In response to the growing hype around CGI Central’s inaugural Camp Training Conference, the three largest overnight camps in North America have enrolled their staff in Thursday’s program.
The conference, which was originally geared for day camp staff, will now service 200 staff members of CGI’s Detroit, Montreal, and Parksville.
Overnight staff will engage in three courses: Bullying Awareness, Abuse and Molestation Awareness and Prevention, and Positive Discipline.
Rabbi Shlomie Rabin, Director of CGI Central, told Collive that the inclusion of overnight camps is a “welcome development.”
“Our goal is to educate and train all camp staff and the participation of the ‘big three’ shows that our message is being recognized for its importance.”
Taking place tomorrow on Thursday, Tammuz 1 (June 21), the full day conference, which features a keynote address from well renowned Michael Brandwein, will be held in Beis Rivka Crown St for girls and Oholei Torah for boys. Over 40 camps have registered and more than 400 staff members are expected to participate.
The conference has been granted Educational Endorsement by the ACA, and also offers staff up to seven Continuing Education Credits (CEC’s).
June means a lot of things to a lot of people. To some it marks the end of a school year and the official beginning of summer. For summer camp parents, it means it’s time to start thinking about packing. For first time parents, the task can seem absolutely overwhelming. How much sunscreen and shampoo do I pack? Do they really need shinguards? How many t-shirts are enough? For seasoned camp parents, packing is a science based on experience. The art is in packing just enough but not too much or too little…and knowing which items the children have sneaked into their bags to take out and which ones to let go. Packing properly takes time…and patience.
CGI provides a rather comprehensive packing lists. These should not be disregarded. They’re compiled by professionals with years of camping experience who have excellent knowledge of what children’s bags need to contain in order for them to arrive prepared for a successful summer at camp. Also keep in mind when packing that living space is somewhat limited at camp. Your child will not have his or her own room at summer camp. He or she will live together with several other campers as well as a couple of counselors. This means that there is not a whole lot of room for “extras” and labeling clothes is important as mix-ups are otherwise bound to happen. If laundry is your primary concern, rest assured that camp laundry is done at least once per week. Your child’s counselors and other camp staff will see to it that your child has clean clothes.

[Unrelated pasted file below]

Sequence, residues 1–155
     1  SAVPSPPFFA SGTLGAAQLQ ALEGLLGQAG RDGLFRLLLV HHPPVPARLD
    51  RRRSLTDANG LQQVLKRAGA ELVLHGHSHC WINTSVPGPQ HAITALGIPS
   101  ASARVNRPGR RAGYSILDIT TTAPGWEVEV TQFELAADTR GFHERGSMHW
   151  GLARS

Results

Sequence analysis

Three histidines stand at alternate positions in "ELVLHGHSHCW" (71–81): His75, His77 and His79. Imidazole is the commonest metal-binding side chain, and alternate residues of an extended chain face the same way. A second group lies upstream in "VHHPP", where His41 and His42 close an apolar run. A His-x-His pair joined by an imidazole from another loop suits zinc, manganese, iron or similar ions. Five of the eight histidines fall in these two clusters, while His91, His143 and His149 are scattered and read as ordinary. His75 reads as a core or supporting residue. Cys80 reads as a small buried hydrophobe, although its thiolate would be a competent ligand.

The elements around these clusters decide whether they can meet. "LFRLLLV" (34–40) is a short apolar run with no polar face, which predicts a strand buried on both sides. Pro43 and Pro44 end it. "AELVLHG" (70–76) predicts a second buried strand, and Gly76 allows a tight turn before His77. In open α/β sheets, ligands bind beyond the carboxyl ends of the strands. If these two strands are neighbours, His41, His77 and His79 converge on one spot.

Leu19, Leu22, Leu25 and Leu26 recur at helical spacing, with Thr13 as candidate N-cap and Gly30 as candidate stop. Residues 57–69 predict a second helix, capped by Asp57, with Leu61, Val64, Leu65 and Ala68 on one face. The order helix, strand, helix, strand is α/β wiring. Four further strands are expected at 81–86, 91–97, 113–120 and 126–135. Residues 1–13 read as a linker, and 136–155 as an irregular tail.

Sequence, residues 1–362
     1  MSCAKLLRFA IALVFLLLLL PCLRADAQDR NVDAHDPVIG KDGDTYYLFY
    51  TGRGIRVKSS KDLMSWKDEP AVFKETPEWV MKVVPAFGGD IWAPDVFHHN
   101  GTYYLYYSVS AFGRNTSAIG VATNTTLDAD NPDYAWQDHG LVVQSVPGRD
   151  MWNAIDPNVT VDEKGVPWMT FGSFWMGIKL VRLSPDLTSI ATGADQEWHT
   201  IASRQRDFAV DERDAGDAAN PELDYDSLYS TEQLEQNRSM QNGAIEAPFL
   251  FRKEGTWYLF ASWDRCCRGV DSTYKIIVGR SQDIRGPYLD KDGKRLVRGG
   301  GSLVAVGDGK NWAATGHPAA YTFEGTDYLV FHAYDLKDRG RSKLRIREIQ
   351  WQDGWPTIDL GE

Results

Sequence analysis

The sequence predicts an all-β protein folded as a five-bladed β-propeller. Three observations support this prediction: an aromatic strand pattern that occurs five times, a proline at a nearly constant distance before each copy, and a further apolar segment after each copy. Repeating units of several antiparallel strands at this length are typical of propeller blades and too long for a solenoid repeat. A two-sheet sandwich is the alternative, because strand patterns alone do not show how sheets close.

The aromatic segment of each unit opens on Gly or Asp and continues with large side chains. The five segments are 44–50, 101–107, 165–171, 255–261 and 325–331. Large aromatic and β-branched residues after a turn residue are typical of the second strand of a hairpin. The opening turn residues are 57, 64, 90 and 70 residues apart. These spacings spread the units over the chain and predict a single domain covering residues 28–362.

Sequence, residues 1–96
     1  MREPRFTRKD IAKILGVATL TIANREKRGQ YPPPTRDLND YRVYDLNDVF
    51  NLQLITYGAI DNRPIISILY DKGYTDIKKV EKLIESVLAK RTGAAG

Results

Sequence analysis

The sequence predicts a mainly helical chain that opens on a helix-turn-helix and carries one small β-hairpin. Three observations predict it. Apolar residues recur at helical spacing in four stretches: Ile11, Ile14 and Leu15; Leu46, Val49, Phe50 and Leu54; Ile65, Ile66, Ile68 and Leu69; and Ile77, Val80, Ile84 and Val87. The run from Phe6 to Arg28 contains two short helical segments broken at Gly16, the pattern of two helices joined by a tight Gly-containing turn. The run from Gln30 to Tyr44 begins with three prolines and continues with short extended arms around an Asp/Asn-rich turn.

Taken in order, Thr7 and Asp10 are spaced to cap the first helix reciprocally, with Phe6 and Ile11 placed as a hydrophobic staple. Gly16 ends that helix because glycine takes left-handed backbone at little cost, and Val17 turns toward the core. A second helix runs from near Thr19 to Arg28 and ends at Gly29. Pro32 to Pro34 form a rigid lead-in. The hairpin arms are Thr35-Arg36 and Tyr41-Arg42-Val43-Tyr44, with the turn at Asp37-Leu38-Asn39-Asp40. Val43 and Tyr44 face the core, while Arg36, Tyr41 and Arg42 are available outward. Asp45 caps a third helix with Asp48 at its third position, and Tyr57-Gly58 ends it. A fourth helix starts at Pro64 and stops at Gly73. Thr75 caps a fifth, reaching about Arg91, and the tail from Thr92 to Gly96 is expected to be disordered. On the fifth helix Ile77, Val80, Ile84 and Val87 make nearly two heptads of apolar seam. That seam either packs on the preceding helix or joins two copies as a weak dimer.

Summer camp values also often downplay appearance. The emphasis of summer camp is on fun, friendship, and safety. Before the end of the summer, your child will likely get wet, slimed, painted, generally messy, and a host of other cool things that tend to make children laugh and adults cringe. So keep the really good stuff at home and send clothes that neither you nor they will miss too much if they have to be “retired” at the end of the summer.
It’s important for both new and seasoned camp parents to pay as much attention to the items your child’s camp asks not to bring as those items it asks to bring. There is a reason your camp requests that certain items not be brought onto campus, whether it’s to help facilitate a specific environment, protect those with allergies, or to avoid other issues not conducive to the spirit of summer camp. Packing “do not bring” items risks them being lost or confiscated until the end of the summer. This ultimately causes undo stress on your children. Alleviating stress that results from the idea of having to leave a beloved item such as a cell phone or notepad at home is typically accomplished by reiterating to children about what they will have at camp as opposed to what they won’t.
By following your camp’s advice and being proactive rather than reactive, packing for camp can be a fun countdown to camp rather than a reactive chore.